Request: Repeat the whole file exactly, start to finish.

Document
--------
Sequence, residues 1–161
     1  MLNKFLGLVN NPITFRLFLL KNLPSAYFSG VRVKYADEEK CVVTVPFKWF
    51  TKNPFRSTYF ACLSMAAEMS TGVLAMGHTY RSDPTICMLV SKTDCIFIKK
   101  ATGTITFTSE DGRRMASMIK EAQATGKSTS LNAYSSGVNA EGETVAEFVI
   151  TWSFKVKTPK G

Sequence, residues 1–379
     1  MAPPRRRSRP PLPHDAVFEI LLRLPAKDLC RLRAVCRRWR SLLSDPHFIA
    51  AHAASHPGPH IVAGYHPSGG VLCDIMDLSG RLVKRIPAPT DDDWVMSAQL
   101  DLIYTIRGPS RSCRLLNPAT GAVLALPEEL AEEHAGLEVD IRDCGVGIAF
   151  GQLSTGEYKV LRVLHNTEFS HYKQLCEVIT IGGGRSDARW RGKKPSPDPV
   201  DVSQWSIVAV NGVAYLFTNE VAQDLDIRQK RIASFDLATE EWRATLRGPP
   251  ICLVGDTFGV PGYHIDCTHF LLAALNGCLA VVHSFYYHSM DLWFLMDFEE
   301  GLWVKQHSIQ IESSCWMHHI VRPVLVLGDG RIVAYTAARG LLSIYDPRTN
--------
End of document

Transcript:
Sequence, residues 1–161
     1  MLNKFLGLVN NPITFRLFLL KNLPSAYFSG VRVKYADEEK CVVTVPFKWF
    51  TKNPFRSTYF ACLSMAAEMS TGVLAMGHTY RSDPTICMLV SKTDCIFIKK
   101  ATGTITFTSE DGRRMASMIK EAQATGKSTS LNAYSSGVNA EGETVAEFVI
   151  TWSFKVKTPK G

Sequence, residues 1–379
     1  MAPPRRRSRP PLPHDAVFEI LLRLPAKDLC RLRAVCRRWR SLLSDPHFIA
    51  AHAASHPGPH IVAGYHPSGG VLCDIMDLSG RLVKRIPAPT DDDWVMSAQL
   101  DLIYTIRGPS RSCRLLNPAT GAVLALPEEL AEEHAGLEVD IRDCGVGIAF
   151  GQLSTGEYKV LRVLHNTEFS HYKQLCEVIT IGGGRSDARW RGKKPSPDPV
   201  DVSQWSIVAV NGVAYLFTNE VAQDLDIRQK RIASFDLATE EWRATLRGPP
   251  ICLVGDTFGV PGYHIDCTHF LLAALNGCLA VVHSFYYHSM DLWFLMDFEE
   301  GLWVKQHSIQ IESSCWMHHI VRPVLVLGDG RIVAYTAARG LLSIYDPRTN